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Overview

Comprehensive Description

Biology

Adults are found in coral rich areas of seaward reefs (Ref. 5213). Reported to be associated with the mushroom Heliofungia actiniformis (Ref. 91291). Oviparous, distinct pairing during breeding (Ref. 205).
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Distribution

Range Description

This species is the most common Bodianus in the western Indian Ocean and, in particular, the Mozambique Channel. It occurs from the Red Sea to South Africa (Natal), Comoro Is, Aldabra, Seychelles, Mauritius, Reunion, Chagos Archipelago, Maldives, Sri Lanka, Nicobars, Cocos-Keeling. This species is also reliably reported from Kenya, Gulf of Aden, Gulf of Oman and Pakistan (Gomon 2006).
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Indian Ocean: East Africa (but not the Red Sea, Gulf of Aden, or Somalia), east to the Nicobar Islands and Cocos-Keeling Islands (Ref. 75973). Replaced by Bodianus dictynna in the tropical Western Pacific and the the longer snouted Bodianus prognathus in the Line Islands (Ref. 37816).
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Red Sea, Indian Ocean: East Africa, South Africa, Seychelles, Madagascar and Mascarenes east to Nicobar Islands and Cocos-Keeling Islands.
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Physical Description

Morphology

Dorsal spines (total): 12; Dorsal soft rays (total): 10; Analspines: 3; Analsoft rays: 12
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Size

Maximum size: 250 mm SL
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Max. size

16.9 cm SL (male/unsexed; (Ref. 75973))
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Diagnostic Description

Description

Found in coral rich areas of seaward reefs (Ref. 5213). Juveniles often shelter near black corals and gorgonians; also frequent cave ceilings (Ref. 8631). Feeds mainly on benthic invertebrates such as molluscs and crustaceans.
  • Anon. (1996). FishBase 96 [CD-ROM]. ICLARM: Los Baños, Philippines. 1 cd-rom pp.
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Dorsal-fin rays XII, 10; analfinrays III, 12; caudal-fin rays 10 (6) or 11 (4) + 12 + 10;pectoral-fin rays ii, 11 (1), 13 (1), 14 (19) or 15 (3); predorsalscales ?22–25; total gill rakers 15 (1) or 17 (5). See Tables2 and 8 for morphometric values. Head and snout elongate;jaws attenuate. Cheek scales reaching forward on upper sideof mouth to below or slightly in advance of anterior extentof orbit, scales reaching forward on lower jaw slightly inadvance of posterior corner of mouth; single scale usuallyapparent midway between corner of mouth and anterior tipof jaw. Upper jaw with first prominent anterior canine equalto or slightly smaller than second; first canine directedanteroventrally, tip often curved ventrally; second caninedirected ventrolaterally and slightly anteriorly, tipoccasionally curved ventrally; dental ridge mostly straightwith ?6–21 very small canines; single moderately largeprominent canine at posterior end of jaw directedanteroventrally and slightly laterally in small individuals,directed more anteriorly in larger specimens. Lower jawwith first prominent anterior canine ?2?3–¾ length of second;first canine directed anterodorsally and usually slightlylaterally, tip often curved dorsally; dental ridge usually longand continuous with about 15–22 very small canines insingle row; teeth becoming only slightly larger posteriorly;teeth occasionally separable into 2 series. Pelvic fin short,posterior tip approaching anus only in small individuals.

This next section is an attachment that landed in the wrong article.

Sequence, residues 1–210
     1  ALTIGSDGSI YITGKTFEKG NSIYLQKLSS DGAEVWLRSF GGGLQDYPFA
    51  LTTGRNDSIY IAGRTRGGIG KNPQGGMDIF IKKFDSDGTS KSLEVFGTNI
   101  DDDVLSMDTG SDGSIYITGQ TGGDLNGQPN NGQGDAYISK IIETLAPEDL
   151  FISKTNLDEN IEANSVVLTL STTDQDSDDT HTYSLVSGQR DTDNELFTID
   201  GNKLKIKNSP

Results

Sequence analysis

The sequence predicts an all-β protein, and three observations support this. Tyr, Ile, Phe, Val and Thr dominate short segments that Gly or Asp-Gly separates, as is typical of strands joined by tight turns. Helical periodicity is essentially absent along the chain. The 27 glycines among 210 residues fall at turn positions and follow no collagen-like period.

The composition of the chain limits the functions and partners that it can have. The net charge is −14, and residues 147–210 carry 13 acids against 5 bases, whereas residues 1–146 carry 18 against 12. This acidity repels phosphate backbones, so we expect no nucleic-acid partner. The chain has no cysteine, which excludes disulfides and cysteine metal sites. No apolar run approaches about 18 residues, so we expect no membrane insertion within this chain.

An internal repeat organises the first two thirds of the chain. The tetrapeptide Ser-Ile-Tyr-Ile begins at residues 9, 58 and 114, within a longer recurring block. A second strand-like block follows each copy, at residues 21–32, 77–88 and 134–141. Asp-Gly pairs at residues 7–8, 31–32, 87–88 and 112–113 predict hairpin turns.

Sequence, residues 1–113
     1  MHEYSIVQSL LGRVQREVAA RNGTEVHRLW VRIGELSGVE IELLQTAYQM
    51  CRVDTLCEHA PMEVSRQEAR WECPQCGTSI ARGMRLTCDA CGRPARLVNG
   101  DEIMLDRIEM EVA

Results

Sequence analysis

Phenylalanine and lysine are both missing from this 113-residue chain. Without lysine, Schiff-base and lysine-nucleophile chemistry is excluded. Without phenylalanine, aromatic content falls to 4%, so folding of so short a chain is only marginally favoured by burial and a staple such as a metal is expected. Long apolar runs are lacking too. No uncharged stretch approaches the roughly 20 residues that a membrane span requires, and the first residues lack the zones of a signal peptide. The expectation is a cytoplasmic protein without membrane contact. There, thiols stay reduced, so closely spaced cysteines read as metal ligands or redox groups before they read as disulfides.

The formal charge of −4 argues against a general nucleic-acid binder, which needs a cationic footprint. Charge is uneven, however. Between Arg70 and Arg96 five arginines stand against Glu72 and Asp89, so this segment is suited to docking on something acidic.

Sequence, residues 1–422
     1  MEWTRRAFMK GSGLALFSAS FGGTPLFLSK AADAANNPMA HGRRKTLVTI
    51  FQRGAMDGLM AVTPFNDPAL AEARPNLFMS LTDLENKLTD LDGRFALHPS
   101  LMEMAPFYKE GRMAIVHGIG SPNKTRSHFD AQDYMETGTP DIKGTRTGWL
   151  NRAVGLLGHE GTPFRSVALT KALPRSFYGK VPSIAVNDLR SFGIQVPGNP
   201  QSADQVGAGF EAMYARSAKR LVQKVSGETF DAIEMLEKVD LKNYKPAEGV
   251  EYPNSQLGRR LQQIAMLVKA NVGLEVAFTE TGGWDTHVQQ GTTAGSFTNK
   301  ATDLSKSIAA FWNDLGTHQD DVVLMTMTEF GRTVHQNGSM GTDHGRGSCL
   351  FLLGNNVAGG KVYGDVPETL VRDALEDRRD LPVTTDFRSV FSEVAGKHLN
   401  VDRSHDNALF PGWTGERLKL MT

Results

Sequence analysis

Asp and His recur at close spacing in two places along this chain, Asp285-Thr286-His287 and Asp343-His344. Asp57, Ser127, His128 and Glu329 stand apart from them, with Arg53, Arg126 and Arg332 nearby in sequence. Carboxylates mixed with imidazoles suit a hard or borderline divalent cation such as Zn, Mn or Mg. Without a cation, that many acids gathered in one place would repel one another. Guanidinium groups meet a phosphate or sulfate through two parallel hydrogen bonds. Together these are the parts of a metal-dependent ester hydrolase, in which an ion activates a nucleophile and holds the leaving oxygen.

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Ecology

Habitat

Habitat and Ecology

Habitat and Ecology
This is a moderately small species, to about 169 mm SL. It is almost always associated with living coral reefs (Fischer et al. 1990). Juveniles often shelter near black corals and gorgonians, also frequent cave ceilings (Kuiter1992). It feeds mainly on benthic invertebrates such as mollusks and crustaceans. Juveniles regularly remove parasites from other fishes (Kuiter and Tonozuka 2001). Although usually found at depths of 9–30 m, individuals have been taken at 36–49 m at Cocos-Keeling Atoll.

Systems
  • Marine
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Environment

reef-associated; marine, usually 6 - 25 m (Ref. 27115)
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Depth range based on 25 specimens in 1 taxon.
Water temperature and chemistry ranges based on 3 samples.

Environmental ranges
  Depth range (m): 4.5 - 37.5
  Temperature range (°C): 24.677 - 28.575